Arcadia in Los Angeles County, California — The American West (Pacific Coastal)
History Lives Here
The home place of Elias Jackson “Lucky” Baldwin, founder and first Mayor of the City of Arcadia, was this relatively simple adobe house, though during Baldwin's occupation (1875-1909) it was the larger and more inviting structure seen in the images below. Baldwin was a wealthy man in 1875, an entrepreneur whose success in San Francisco hotel and brick-making businesses extended with great "luck" into Nevada's Comstock Lode millions. Today's Arboretum is the heart of Baldwin's first southern California land purchase, the historic Rancho Santa Anita. Within a few short years, Lucky Baldwin would acquire adjoining ranches that increased his holdings to some 46,000 acres in the San Gabriel Valley alone. Vineyards, orchards and fields of hay and grain covered the landscape, but the home site next to Baldwin Lake was a botanic showplace with elegant guest accommodations just a stone's throw away from his personal adobe residence.
Baldwin reported that he found an "adobe hut" on the Santa Anita property when he made his initial purchase, and early on he decided to make it his home. The "hut" was an L-shaped, 8-room, all
The foundations of the current adobe house date back to at least 1854, and historically significant amounts of original building materials remain. An inventory completed after Baldwin's 1909 death identifies each of the eight rooms and thus provides the most compelling storyline of its use during his significant years of occupation. Baldwin's personal living quarters were, of course, included, but so too was a parlor, dining room, kitchen, pantries and servants quarters. Under Baldwin's supervision, a wood frame wing replaced Rowe's adobe wing that ran parallel to the lake. This wing and its original foundations remained through early Arboretum years, but the surface structure was demolished in the late 1950's as efforts were directed at stabilizing the adobe portion of the compound. Today, with renewed and more precisely engineered stabilization, and with historic preservation experts guiding the process, the Adobe is receiving the care it deserves.
Erected by Arcadia Historical Society. (Marker Number 368.)
Topics and series. This historical marker is listed in these topic lists: Agriculture Architecture • Parks & Recreational Areas • Settlements & Settlers. In addition, it is included in the California Historical Landmarks series list.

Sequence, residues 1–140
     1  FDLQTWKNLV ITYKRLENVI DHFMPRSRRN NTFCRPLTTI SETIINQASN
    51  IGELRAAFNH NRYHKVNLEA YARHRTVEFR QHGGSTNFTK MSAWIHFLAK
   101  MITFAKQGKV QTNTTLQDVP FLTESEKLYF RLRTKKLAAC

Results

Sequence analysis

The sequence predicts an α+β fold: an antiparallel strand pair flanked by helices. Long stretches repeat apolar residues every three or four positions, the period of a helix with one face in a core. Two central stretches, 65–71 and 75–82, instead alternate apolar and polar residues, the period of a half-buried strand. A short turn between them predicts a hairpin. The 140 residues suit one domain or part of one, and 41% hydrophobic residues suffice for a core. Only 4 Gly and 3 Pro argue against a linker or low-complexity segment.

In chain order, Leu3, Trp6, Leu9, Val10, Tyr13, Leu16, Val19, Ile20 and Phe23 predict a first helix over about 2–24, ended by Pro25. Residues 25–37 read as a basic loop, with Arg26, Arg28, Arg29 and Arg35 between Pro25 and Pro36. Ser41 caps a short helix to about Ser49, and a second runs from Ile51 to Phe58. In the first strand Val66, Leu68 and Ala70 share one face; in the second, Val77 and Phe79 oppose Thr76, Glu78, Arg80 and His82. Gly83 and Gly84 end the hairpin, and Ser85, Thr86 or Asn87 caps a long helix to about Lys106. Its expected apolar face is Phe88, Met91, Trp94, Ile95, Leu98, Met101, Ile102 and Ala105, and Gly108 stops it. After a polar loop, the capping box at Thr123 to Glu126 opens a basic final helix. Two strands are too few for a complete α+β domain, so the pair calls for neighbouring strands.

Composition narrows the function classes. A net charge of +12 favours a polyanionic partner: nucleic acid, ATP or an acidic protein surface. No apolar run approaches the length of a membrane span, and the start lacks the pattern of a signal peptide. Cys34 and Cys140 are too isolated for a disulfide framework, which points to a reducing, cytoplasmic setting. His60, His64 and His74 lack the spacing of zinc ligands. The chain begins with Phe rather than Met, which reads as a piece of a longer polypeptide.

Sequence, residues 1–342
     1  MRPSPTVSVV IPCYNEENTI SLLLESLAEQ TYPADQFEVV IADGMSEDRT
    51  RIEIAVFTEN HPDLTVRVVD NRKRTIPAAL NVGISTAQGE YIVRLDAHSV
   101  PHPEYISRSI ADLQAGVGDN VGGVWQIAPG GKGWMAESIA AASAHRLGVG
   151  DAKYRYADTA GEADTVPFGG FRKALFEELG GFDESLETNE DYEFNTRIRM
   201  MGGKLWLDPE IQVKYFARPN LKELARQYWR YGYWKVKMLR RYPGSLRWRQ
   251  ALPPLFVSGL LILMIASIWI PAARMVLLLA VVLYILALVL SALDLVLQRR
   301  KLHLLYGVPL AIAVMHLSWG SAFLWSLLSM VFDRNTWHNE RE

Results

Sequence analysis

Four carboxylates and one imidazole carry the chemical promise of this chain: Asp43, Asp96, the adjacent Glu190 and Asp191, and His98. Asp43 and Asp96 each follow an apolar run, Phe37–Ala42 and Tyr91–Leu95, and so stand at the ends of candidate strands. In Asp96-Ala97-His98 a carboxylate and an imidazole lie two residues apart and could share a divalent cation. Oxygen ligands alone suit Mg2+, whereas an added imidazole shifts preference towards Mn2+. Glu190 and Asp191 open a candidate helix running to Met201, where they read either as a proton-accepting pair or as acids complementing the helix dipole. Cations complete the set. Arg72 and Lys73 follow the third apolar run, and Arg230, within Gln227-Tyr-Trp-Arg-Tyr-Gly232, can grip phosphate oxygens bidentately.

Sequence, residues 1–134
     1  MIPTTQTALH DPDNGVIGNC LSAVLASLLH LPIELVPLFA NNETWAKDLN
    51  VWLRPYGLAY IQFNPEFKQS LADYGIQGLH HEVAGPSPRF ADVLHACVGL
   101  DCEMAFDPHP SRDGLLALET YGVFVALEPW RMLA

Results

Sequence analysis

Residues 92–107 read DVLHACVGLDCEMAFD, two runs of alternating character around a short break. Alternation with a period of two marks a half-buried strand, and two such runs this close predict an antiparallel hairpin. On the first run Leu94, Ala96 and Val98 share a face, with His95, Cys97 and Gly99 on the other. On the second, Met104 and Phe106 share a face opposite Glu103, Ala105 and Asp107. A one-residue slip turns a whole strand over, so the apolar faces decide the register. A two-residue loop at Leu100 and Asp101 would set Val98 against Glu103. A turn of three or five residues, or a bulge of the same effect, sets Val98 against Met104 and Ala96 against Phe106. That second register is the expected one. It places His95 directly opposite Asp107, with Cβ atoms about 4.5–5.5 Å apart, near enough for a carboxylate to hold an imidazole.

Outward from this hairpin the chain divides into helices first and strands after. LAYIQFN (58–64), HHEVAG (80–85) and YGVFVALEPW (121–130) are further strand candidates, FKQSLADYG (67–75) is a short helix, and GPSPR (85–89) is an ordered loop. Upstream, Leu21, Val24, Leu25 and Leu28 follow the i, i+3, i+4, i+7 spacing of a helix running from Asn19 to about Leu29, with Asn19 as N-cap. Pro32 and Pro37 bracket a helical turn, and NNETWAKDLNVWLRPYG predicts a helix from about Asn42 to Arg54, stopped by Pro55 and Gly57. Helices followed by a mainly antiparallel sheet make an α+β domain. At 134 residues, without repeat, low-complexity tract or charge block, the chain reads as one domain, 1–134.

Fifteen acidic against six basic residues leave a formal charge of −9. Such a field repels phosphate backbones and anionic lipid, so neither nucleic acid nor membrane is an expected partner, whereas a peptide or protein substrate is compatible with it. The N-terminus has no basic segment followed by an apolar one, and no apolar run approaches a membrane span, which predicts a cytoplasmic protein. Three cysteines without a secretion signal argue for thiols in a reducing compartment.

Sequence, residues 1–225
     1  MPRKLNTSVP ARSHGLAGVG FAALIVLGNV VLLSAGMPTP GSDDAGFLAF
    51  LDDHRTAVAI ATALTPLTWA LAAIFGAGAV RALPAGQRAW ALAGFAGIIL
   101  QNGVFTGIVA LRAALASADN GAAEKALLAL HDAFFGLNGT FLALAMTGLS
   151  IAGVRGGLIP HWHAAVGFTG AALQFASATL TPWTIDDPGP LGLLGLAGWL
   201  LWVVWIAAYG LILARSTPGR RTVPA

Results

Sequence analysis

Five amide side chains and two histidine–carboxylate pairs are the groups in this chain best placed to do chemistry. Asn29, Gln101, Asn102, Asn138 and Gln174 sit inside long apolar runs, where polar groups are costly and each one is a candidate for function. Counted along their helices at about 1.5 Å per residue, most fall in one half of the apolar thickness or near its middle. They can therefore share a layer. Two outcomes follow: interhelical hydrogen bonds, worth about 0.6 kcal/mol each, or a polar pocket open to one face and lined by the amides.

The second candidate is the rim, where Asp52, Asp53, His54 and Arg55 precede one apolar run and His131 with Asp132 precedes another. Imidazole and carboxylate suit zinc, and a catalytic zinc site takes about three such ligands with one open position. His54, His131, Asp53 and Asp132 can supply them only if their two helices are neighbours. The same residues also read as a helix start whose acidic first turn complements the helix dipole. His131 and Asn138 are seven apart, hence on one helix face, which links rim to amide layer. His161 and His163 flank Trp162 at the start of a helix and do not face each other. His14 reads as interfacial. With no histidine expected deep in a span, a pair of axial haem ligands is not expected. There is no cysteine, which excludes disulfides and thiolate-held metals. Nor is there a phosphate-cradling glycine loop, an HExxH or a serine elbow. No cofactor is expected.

Location. 34° 8.443′ N, 118° 3.202′ W. Marker is in Arcadia, California, in Los Angeles County. Marker can be reached from Baldwin Avenue 0.3 miles south of Interstate 210, on the right when traveling south. Located in the Los Angeles County Arboretum and Botanic Garden, open daily 9-5. Touch for map. Marker is at or near this postal address: 301 N Baldwin Ave, Arcadia CA 91007, United States of America. Touch for directions.
Other nearby markers. At least 8 other markers are within 2 miles of this marker, measured as the crow flies. Queen Anne Cottage (within shouting distance of this marker); Santa Anita Depot (about 300 feet away, measured in a direct line); Los Angeles County Arboretum & Botanic Garden (approx. ¼ mile away); Santa Anita During World War II (approx. 0.4 miles away); Seabiscuit (approx. half a mile away); Chamber of Commerce Building (approx. 0.8 miles away); Elias J. Baldwin (approx. 0.8 miles away); Arcadia County Park (approx. 1.2 miles away). Touch for a list and map of all markers in Arcadia.
Regarding Reid-Baldwin Adobe.
California Historical Landmark Statement of Significance: Hugo Reid, a Scotsman, petitioned the government of Mexico to grant him Rancho Santa Anita. His claim strengthened by his marriage to Victoria, a native Indian of the San Gabriel Mission, he received the grant on April 16, 1841. Immediately upon filing his petition, Reid took possession of the land, started to farm and plant vineyards, and built the first house - the Hugo Reid Adobe. In 1875, Elias J. "Lucky" Baldwin purchased the rancho, increasing his total ownership of California lands to 40,000 acres, and in 1879 added a wooden wing to the Reid adobe. Both Reid and Baldwin were actively involved in the early development and growth of southern California.
Also see . . . The Arboretum. (Submitted on July 23, 2020.)
Credits. This page was last revised on July 24, 2020. It was originally submitted on July 23, 2020, by Craig Baker of Sylmar, California. This page has been viewed 62 times since then and 4 times this year. Photos: 1, 2, 3. submitted on July 23, 2020, by Craig Baker of Sylmar, California. 4. submitted on July 24, 2020, by Craig Baker of Sylmar, California. 5. submitted on July 23, 2020, by Craig Baker of Sylmar, California. • J. Makali Bruton was the editor who published this page.